[ii] Doug Lenat’s Cyc can be seen as a philosophical grandfather to such efforts. In 1999, Lenat wrote: “HAL was a general artificial intelligence, and Cyc is the closest thing that exists in the world to that kind of general artificial intelligence” (S. Moody, Brain). See also D. B. Lenat, From 2001.


[iv] A. C. Clarke, Foreword, p. xi.


[vi] For brief summaries of some of the most common criticisms of Cyc, see Cyc; S. Stoffer, Cyc. For Lenat’s own assessments of his work on Cyc, see R. V. Guha et al., Cyc: A midterm report; D. B. Lenat et al., CYC: Using Common Sense Knowledge to Overcome Brittleness and Knowledge Acquisition Bottlenecks; D. B. Lenat et al., Building Large Knowledge-based Systems; D. B. Lenat, From 2001. For a recent video perspective by Lenat, see D. B. Lenat, Computers with Common Sense.

[vii] See B. R. Gaines, Ounce of Knowledge for a preliminary study that suggests “the possibility of developing a quantitative science of knowledge in terms of the amount of data reduction that knowledge buys us when carrying out empirical induction.”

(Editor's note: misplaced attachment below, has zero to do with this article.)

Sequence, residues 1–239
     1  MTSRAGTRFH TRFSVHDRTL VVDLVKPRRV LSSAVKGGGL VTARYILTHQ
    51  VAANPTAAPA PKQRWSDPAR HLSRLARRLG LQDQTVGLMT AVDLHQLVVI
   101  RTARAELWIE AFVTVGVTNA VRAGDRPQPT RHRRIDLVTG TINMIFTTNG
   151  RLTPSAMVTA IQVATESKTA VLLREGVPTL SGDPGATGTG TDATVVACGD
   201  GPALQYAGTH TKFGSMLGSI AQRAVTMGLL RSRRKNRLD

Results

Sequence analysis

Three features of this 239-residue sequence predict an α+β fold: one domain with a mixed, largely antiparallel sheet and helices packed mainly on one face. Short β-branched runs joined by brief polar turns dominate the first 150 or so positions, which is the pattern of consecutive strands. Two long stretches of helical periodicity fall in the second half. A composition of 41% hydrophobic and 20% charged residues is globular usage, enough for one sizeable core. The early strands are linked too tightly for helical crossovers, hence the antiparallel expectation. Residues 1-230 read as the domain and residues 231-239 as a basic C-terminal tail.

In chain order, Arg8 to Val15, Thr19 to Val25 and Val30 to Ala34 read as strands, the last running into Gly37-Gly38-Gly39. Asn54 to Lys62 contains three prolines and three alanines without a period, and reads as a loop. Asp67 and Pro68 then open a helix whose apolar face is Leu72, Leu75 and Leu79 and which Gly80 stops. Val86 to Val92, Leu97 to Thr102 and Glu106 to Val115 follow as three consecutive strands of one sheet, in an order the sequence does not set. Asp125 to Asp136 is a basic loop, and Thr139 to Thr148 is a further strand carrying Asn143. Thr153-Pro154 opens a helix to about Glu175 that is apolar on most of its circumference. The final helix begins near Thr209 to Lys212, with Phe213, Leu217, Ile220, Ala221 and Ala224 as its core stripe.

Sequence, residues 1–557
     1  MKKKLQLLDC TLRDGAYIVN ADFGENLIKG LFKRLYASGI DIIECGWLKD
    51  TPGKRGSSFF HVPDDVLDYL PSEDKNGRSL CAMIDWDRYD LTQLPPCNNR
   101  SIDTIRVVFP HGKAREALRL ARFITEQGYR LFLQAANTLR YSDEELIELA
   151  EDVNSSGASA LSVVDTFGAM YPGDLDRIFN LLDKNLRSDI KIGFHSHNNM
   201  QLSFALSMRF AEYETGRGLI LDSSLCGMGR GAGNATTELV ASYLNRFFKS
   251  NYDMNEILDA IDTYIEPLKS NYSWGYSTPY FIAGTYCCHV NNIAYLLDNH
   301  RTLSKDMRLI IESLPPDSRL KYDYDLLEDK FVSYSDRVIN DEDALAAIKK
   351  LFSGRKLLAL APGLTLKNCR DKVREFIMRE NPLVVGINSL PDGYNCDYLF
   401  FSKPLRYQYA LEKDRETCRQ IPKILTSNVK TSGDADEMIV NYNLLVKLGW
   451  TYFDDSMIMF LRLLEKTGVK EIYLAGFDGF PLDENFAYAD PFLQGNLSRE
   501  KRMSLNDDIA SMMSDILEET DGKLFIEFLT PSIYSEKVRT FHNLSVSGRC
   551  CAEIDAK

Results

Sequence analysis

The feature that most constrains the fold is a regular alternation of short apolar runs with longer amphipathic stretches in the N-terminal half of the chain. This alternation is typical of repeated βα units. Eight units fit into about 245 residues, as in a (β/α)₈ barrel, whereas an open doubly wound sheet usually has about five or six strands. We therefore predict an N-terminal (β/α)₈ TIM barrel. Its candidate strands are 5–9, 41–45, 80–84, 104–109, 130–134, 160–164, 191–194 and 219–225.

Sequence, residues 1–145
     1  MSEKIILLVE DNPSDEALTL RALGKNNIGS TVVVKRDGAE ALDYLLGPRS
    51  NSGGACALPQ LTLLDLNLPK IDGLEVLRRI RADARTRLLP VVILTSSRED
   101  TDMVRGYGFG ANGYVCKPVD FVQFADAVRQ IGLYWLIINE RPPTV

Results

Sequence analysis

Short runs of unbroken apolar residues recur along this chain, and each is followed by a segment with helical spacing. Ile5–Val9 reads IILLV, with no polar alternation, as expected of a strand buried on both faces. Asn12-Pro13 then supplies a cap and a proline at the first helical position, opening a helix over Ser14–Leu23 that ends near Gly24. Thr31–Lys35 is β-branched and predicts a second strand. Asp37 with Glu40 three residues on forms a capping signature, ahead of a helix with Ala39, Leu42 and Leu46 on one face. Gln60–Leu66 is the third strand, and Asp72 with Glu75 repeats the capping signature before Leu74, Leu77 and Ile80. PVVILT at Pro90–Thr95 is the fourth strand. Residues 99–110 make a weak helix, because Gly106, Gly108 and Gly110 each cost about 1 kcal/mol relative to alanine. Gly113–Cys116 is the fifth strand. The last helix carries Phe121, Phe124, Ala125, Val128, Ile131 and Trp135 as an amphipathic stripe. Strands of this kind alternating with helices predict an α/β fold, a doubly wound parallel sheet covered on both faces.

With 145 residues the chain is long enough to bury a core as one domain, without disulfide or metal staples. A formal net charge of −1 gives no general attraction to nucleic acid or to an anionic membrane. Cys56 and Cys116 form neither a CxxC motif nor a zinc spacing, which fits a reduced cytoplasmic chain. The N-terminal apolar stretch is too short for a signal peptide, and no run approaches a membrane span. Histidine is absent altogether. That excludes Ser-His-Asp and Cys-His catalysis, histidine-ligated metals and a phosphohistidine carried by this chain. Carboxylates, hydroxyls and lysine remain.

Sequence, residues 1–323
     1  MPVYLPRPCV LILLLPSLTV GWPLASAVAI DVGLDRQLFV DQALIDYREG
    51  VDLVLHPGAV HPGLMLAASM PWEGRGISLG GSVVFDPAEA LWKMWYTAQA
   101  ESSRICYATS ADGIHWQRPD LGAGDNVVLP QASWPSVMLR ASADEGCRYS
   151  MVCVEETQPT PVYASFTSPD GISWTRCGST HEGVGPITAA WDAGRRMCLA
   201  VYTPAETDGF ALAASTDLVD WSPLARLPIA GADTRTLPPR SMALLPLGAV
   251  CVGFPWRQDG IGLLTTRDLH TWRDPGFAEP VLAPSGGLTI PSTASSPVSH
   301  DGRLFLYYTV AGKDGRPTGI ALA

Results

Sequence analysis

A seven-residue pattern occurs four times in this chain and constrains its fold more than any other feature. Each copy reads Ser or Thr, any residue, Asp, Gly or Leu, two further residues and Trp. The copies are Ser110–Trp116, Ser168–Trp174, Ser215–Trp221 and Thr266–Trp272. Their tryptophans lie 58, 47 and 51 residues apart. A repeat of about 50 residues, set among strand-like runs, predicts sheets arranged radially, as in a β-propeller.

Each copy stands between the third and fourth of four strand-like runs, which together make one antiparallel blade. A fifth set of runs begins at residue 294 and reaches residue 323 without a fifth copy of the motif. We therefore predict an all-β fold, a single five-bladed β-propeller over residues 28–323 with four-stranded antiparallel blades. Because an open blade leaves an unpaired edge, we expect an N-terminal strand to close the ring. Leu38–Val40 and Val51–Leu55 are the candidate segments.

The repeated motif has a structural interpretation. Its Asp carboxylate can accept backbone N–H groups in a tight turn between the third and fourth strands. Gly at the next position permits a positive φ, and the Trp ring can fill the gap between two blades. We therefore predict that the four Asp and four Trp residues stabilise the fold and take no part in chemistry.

[ix] Anonymous, How IBM.

[x] E. Davis et al., Commonsense Reasoning, p. 92.

[xi] R. Hoffman et al., Rose, p. 75.

[xii] See, e.g., H. Holmback et al., ‘Agent A, can you pass the salt?’ See also M. Greaves et al., What is a conversation policy?; I. A. Smith et al., Designing conversation policies using joint intention theory.

[xiii] Kasparov Playing.

[xiv] Deep Blue.

[xv] J. Latson, Did Deep Blue Beat Kasparov?

[xvi] C. McGourty, Man vs Machine.

[xvii] G. Washington et al., Kasparov Vs. Deep Blue.

[xviii] C. Metz, Google Is Two Billion Lines of Code.